What Makes A Diet "Medically Necessary?"
The scientific limitations and underlying fatphobia of doctor-prescribed food restrictions.
Disclaimer: You’re reading this column because you value my input as a journalist who reports on these issues and therefore has a lot of informed opinions. I’m not a healthcare provider and these responses are not meant to substitute for medical or therapeutic advice.
Q: How do you avoid diet culture nonsense when on a medically-necessary diet?
Background: I’m 41, and just had my first colonoscopy during which some polyps “of concern” were found and removed. Family history of colon cancer, of course. My gastro commanded a high-fiber diet and said I’ll also want to avoid red meat, cured meats, and alcohol.
Looking for resources on what to eat and how to prepare it has led to a lot of chia-pudding-industrial-complex nonsense in front of my eyeballs. Or gross/restrictive/bullshit, however you want to frame that.
I’m a small fat who is into weightlifting, and generally feel like I look like a sexy tank. I’m at a stage where I understand that weight loss qua weight loss isn’t actually going to help this particular condition, and I know that my weight loss attempts in the past probably led to some of the GI issues I’m facing now.
I presume this is something to take to a dietitian, but I’m not super comfortable with that, due to what I assume will be the obligatory weight loss discussions. Is there weight-neutral food and health advice out there that I’m missing?
I promise, we are going to talk specifically about the health risks of red meat. But I picked this question because I get asked some version of “what if I have to stop eating X for Y health reasons?” often, and so what I really want to do today is offer a framework to help all of us think about whether any particular medical dietary change is necessary and whether that change will be health and wellness-promoting for you.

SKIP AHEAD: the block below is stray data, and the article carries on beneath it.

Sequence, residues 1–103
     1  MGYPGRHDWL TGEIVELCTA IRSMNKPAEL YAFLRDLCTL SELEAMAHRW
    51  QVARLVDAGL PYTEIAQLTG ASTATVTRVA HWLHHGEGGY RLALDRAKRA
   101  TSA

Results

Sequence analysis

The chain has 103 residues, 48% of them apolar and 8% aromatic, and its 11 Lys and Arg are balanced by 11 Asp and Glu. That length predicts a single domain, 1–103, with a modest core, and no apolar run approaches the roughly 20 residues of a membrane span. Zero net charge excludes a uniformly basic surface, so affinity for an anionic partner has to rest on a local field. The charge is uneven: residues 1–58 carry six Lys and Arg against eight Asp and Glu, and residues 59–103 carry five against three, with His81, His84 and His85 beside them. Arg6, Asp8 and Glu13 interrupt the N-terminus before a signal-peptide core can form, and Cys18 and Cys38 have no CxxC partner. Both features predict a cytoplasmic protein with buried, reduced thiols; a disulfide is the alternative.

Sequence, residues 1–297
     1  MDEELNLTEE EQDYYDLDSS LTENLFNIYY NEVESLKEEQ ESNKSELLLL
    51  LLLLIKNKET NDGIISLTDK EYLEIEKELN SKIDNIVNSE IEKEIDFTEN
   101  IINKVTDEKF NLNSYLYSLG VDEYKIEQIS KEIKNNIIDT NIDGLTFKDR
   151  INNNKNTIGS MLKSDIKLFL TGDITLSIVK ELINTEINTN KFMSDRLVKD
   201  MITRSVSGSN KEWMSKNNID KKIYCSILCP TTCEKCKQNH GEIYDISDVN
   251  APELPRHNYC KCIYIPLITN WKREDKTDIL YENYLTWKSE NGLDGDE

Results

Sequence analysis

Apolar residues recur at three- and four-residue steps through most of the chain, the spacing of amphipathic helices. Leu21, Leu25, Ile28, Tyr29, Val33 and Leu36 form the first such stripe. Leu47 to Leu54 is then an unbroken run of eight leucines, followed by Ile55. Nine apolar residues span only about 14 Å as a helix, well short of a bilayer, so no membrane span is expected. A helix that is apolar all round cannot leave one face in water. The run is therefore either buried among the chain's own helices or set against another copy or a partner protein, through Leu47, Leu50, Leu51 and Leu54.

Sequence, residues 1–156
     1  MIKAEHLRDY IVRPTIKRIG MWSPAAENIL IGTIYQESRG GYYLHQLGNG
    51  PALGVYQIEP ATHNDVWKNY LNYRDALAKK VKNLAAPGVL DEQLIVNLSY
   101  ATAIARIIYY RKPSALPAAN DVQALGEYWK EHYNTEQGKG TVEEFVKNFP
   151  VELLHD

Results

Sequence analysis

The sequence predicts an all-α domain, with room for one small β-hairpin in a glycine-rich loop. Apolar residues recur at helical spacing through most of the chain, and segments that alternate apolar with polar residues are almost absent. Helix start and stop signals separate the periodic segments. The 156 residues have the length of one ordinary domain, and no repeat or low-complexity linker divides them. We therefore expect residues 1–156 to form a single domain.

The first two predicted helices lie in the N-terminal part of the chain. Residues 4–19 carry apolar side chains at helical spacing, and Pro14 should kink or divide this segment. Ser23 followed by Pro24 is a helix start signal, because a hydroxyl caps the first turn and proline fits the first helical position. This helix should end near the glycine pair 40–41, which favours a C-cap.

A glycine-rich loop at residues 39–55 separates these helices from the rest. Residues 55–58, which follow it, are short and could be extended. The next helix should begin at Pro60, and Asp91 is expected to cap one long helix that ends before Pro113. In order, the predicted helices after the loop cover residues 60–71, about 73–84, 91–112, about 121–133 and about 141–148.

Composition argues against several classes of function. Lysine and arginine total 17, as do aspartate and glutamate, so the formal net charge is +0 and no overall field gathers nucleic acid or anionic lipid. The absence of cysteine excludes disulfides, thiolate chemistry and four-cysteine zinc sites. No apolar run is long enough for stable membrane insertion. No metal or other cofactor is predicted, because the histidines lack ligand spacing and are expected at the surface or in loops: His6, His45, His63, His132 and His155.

Sometimes this question is clear cut: When I was 11, I ate a bunch of (delicious) shrimp. I immediately broke out in hives all over my face and inside my mouth, so I took a bunch of Benadryl and have spent the subsequent 30 years never eating shrimp again. My reaction was mild, but allergic reactions can go deadly fast and nobody needs shrimp cocktail in their life that badly. Also: While it’s sometimes a minor inconvenience to skip shrimp, I don’t feel restricted or stressed out by that decision, in part because I can still happily eat every other kind of seafood.
Sometimes food restrictions are necessary even when they cause significant stress. When my older daughter was recovering from life-threatening complications after open heart surgery, we had to put her on a virtually fat free diet for several months and it was an utterly miserable thing to do to a toddler. But we couldn’t have gotten her out of the pediatric ICU without it. Living with Celiac Disease or a peanut allergy likely falls into this category. It utterly sucks and requires a ton of support to navigate, but you can’t live a safe or functional life without this restriction.
More often, though, doctors and other healthcare providers tell us to cut out certain food groups as a preventative or experimental strategy. The reasons for making this change aren’t cut and dried. The strength of their evidence varies wildly. And these prescriptions are very often steeped in diet culture. This means nobody is spending much time helping you consider the toll that this kind of eating pattern may take on your mental health or larger physical well-being. They aren’t watching to see if it triggers a restrictive mindset or adds to your daily stress in other harmful ways. And: Nobody is articulating the underlying anti-fat bias that informs many of these medical recommendations. I’ve asked Marci Evans, MS, CEDRD-S, LDN, an anti-diet dietitian who specializes in the intersection of gut health and eating disorders, in Cambridge, MA to help us think through this much murkier category of Medical Diet Advice. Which, by the way, should always be framed as “advice” and not a requirement. “I strongly believe that decisions around food elimination are for my client to make, not for me,” says Marci. “Body autonomy is incredibly important. And I rarely advocate for removing entire food groups because it’s rarely necessary.”
So on that note, let’s talk beef.